The old rule of thumb is to eat 5 servings of fruits and vegetables a day and although this habit is far better than eating 5 servings of cake a day, you may still need to consider which fruits and vegetables you are eating and how many servings. Many experts are saying it is important choose several different source and to double the amount of servings from 5 to 10 to ensure a more effective stimulation of the metabolic pathways of genes in the different organs.
One method to help you choose your food is to categorize it by color. By breaking your food into color groups you can understand more easily what the value of what each food has to offer.
For instance Red, which includes tomatoes (cooked as well) pink grapefruit and watermelon contain carotenoid lycopene a scavenger gene which can help reduce the damage of free radical damage in the heart, lungs and prostate.
Red/Purple foods include red and blue grapes, blueberries, strawberries, beets, eggplant, red peppers and plums and are full of powerful antioxidants called anthocyanins which are believed to slow cellular aging. These antioxidants can also aid in reducing the formation of blood clots.
The Orange category includes carrots, mangoes, cantaloupe and sweet potatoes, these contain the cancer fighter alpha carotene along with beta-carotene that fights free radical damage in the skin, and it promotes the repair of damaged DNA.
Orange/Yellow includes oranges, peaches and nectarines. These provide beta cryptothanxin, which may help prevent heart disease.
Yellow /Green includes spinach, corn, green peas, avocado and honeydew melon, which are sources of the carotenoids lutein and zeaxanthin, which are considered to reduce the risk of cataracts in eyes.
Green, includes broccoli, Brussels sprouts, cabbage and bok choy which all contain cancer-blocking chemicals such as sulforaphane, isocyanate and indoles.
White/Green includes garlic, onions, leeks, celery and asparagus. Foods in this group contain antioxidant flavonoids like kaempferol and quercetin.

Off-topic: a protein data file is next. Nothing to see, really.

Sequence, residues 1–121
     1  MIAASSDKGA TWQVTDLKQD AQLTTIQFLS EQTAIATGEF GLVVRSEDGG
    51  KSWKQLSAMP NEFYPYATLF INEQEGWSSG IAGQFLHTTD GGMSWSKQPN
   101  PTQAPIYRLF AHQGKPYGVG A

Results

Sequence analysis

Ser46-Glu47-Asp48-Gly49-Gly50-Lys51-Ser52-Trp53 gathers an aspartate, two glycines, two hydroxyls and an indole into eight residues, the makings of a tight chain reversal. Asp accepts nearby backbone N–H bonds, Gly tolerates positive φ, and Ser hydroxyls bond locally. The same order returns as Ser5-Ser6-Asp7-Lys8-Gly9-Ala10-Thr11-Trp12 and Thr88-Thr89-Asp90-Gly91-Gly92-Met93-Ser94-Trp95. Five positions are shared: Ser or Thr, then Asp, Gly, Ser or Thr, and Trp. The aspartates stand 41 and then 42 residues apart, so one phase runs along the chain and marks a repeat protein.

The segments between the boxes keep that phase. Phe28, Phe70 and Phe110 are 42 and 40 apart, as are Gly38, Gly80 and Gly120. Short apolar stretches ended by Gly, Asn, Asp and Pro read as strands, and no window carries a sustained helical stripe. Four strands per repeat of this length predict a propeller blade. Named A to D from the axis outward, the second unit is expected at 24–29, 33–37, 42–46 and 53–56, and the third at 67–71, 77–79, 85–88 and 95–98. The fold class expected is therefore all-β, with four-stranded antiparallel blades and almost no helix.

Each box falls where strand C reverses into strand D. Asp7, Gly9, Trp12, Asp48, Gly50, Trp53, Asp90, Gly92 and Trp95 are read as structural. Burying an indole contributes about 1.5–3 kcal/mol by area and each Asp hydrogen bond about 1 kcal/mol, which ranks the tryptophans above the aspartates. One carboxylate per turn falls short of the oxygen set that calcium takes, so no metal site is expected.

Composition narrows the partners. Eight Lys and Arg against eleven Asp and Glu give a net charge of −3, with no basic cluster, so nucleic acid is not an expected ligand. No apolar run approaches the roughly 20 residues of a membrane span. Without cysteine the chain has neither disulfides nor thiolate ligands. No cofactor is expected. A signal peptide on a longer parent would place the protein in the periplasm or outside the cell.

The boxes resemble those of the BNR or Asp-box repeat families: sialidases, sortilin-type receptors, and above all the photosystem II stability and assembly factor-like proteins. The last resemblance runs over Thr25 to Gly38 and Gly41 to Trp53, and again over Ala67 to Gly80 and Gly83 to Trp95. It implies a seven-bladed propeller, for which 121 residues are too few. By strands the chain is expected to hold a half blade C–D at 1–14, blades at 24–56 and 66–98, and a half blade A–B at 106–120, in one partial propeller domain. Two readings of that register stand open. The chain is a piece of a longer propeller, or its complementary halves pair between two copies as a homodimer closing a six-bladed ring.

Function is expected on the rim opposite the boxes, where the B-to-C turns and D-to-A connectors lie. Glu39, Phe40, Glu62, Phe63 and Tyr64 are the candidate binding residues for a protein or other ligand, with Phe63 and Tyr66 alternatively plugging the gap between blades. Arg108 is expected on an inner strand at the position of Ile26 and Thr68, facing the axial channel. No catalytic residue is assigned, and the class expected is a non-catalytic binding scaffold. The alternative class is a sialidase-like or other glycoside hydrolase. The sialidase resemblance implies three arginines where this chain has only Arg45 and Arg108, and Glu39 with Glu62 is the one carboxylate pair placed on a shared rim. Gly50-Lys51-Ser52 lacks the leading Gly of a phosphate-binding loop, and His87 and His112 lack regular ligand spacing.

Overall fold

Another tip to consider is leaving the skin on whenever possible. The skin on most fruits and vegetables is the richest source of nutrients.
Now, for some people, the thought of consuming ten servings of produce a day might be overwhelming, however, it may be easier than you think. A serving size is really not all that large. For example a medium size apple, banana or orange will equal one serving. A quarter of a cantaloupe, a cup of raw vegetables or a half a cup of cooked vegetables will also equal one. A six-ounce glass of fruit or vegetable juice equals one serving as well.
So, if for breakfast you have cereal with fruit and a glass of juice, then for lunch have a salad with your meal with a desert of fruit along with a glass of vegetable or fruit juice, you will already be at the half way mark.
Another obstacle is many think of vegetables as bland or boring, but truly, there are so many ways of preparing them that are tasty and nutritious. Its time to think out side of box and get away from the traditional serving of steamed veggies. Be adventurous and try some experiments to find your favorite dishes.
If you are interested in reading more about how nutrition by color can help you. Try reading these books. The Color Code by James A., Ph.D. Joseph, Daniel A. Nadeau, Anne Underwood or What Color Is your Diet? by Ph.D. M.D. Heber David.
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© Melt Magazine 2003